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I am trying to use MEF to load a DLL as an when it is needed, however, the information in tutorials I have read hasn't been the most helpful.

This site gives a bit of code (shown below) but doesn't really explain anything.

private void LoadPlugins() {
  var catalog = new AssemblyCatalog(Assembly.GetExecutingAssembly());
  var container = new CompositionContainer(catalog);
  var batch = new CompositionBatch();

Basically I have an interface with a Run method and I am implementing that interface with several DLLs. What I'm after is to be able to do something like this (pseudo code)

bob = LoadDll(dllPath);

Is there a way to specify the type of "bob" or would it be generic? If anyone can help I would really appreciate it!

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How would you know which one to load? The point of MEF is that you don't know anything about the concrete types except their abstract/interface definitions; how would you determine that it was appropriate to load the import from a specific DLL? –  arootbeer Nov 24 '10 at 15:49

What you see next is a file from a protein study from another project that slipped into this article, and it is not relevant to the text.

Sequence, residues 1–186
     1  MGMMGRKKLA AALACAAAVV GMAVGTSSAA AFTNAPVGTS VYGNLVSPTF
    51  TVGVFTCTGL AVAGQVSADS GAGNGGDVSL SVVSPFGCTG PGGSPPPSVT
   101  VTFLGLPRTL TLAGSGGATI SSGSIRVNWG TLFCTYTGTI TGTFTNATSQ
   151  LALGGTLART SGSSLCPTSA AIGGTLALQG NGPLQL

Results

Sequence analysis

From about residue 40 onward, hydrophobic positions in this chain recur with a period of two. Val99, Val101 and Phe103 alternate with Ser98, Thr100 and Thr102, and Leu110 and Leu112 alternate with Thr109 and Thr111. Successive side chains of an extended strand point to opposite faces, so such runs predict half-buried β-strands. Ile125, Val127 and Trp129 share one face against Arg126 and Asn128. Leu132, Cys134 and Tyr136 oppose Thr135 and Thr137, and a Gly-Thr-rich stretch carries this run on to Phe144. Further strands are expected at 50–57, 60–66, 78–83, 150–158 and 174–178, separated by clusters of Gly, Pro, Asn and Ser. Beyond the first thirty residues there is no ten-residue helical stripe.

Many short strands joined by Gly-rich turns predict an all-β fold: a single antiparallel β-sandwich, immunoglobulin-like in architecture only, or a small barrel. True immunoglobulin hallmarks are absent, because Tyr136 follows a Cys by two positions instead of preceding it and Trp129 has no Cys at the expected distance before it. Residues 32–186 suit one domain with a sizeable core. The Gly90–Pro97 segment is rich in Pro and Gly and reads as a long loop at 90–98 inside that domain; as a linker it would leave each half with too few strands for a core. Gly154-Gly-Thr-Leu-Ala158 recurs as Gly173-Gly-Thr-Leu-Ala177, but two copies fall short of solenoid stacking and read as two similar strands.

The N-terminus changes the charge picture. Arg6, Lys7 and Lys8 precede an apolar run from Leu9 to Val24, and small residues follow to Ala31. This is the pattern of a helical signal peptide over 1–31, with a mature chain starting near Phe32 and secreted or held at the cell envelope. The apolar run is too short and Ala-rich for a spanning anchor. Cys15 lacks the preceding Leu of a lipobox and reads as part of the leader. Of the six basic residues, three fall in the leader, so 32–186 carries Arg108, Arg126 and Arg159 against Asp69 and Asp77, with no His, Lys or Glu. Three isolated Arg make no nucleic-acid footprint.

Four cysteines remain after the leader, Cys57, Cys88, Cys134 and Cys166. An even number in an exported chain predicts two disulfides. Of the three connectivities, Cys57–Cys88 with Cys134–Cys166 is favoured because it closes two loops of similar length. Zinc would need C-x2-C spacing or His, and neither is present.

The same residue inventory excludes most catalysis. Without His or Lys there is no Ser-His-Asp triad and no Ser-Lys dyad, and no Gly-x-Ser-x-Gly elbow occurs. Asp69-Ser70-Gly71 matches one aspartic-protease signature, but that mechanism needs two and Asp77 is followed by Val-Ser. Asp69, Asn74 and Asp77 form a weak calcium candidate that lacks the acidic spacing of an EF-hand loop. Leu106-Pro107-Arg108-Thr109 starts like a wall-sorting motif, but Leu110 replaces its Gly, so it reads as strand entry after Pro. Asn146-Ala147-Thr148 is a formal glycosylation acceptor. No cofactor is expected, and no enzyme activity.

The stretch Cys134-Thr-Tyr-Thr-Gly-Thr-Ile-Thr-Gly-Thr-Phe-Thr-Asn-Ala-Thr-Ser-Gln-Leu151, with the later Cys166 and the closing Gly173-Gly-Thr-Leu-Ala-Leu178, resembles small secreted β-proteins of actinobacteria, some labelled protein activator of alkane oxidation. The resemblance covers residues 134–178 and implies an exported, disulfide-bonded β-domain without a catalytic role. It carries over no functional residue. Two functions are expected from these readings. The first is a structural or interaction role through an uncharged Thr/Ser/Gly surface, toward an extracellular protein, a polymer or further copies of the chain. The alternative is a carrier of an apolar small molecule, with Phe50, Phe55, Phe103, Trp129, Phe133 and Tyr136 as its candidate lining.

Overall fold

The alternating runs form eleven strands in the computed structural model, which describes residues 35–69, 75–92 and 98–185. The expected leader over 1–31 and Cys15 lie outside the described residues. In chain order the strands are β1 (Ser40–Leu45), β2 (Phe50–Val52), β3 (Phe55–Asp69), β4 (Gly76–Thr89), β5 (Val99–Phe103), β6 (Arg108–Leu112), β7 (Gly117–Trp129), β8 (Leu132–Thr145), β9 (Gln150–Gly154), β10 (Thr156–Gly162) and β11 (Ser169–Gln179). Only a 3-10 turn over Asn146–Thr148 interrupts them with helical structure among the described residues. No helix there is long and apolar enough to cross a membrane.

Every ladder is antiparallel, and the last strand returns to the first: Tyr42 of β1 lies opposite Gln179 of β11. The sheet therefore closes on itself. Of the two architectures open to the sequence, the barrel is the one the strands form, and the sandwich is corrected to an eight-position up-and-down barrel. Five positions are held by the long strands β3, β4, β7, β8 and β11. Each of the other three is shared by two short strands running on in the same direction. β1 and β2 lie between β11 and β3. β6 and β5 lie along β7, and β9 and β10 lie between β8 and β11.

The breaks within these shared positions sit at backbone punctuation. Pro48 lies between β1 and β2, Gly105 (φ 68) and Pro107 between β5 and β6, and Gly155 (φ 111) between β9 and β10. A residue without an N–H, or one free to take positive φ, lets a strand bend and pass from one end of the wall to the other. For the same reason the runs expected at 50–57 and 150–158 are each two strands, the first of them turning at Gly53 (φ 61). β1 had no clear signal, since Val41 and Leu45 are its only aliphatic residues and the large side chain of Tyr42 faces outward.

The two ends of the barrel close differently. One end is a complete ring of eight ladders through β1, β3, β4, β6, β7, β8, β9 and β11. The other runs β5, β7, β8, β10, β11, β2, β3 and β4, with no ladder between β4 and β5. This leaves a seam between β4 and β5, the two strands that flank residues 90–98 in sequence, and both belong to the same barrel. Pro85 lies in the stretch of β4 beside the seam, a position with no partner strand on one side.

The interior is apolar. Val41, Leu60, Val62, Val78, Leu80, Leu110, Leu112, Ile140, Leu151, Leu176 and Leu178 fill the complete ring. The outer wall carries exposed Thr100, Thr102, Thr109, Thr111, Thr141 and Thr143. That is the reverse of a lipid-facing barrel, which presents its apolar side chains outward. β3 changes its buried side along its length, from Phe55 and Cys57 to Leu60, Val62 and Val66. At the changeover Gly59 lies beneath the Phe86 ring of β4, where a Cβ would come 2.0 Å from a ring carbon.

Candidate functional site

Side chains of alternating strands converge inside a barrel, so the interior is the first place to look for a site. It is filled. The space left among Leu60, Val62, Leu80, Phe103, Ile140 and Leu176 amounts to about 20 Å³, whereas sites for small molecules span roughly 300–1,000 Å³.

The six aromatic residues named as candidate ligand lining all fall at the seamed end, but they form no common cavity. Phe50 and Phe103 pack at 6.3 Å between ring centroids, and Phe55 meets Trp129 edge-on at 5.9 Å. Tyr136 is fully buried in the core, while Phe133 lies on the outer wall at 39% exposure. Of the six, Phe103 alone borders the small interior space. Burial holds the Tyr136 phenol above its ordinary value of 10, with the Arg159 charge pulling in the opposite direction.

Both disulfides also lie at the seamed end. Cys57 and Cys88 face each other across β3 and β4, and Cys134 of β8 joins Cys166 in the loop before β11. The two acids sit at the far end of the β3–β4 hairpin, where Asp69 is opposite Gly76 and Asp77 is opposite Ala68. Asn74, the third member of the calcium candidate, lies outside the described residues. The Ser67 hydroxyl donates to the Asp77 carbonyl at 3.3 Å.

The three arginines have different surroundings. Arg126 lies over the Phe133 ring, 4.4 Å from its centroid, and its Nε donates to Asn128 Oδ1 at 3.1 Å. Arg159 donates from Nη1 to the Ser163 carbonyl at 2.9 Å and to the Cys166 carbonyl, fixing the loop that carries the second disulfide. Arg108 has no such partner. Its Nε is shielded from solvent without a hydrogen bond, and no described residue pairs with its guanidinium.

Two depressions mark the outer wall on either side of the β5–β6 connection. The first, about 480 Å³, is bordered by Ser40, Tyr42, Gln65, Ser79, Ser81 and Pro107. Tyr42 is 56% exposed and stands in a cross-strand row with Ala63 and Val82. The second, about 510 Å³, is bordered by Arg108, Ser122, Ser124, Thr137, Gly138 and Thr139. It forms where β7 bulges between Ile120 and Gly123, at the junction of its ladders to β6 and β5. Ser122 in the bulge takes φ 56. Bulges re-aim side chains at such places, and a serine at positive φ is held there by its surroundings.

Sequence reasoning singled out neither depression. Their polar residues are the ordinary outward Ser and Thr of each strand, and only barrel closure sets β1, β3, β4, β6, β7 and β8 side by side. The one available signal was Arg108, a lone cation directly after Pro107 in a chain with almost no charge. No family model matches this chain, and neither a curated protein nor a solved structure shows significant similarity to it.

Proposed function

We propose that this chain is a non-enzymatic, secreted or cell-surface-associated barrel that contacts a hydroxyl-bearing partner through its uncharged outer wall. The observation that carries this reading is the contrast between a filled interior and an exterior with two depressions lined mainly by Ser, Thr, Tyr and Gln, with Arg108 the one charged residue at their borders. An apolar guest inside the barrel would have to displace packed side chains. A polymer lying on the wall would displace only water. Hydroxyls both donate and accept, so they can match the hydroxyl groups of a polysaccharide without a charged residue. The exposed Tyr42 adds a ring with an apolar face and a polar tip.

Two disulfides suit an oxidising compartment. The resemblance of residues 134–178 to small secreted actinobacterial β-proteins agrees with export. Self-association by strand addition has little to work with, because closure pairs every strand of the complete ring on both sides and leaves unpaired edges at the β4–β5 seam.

@arootbeer Actually, that is one usage of MEF, but it's perfectly valid if you already know the concrete type you are trying to instantiate. However, I think the usage in this case might be overkill for what the OP is trying to achieve. If you need runtime discovery of what types an assembly exposes (or expose your types) then MEF is pefect. –  SRM Nov 24 '10 at 19:35

2 Answers 2

up vote 2 down vote accepted

does this article help: MEF Load Plugins(dlls) from folder not in Executing assembly but another dll.Can you help? basically, the solution, i think, would be to use AssemblyCatalog to load your assembly.

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What you want can be accomplished with MEF, but it's quite advanced. You either need to construct a cached catalog (see sample in our Codeplex site) or use a different metadata reader such as CCI.

Out of the box MEF will load assemblies to reflect on them (looking for mef's attributes).

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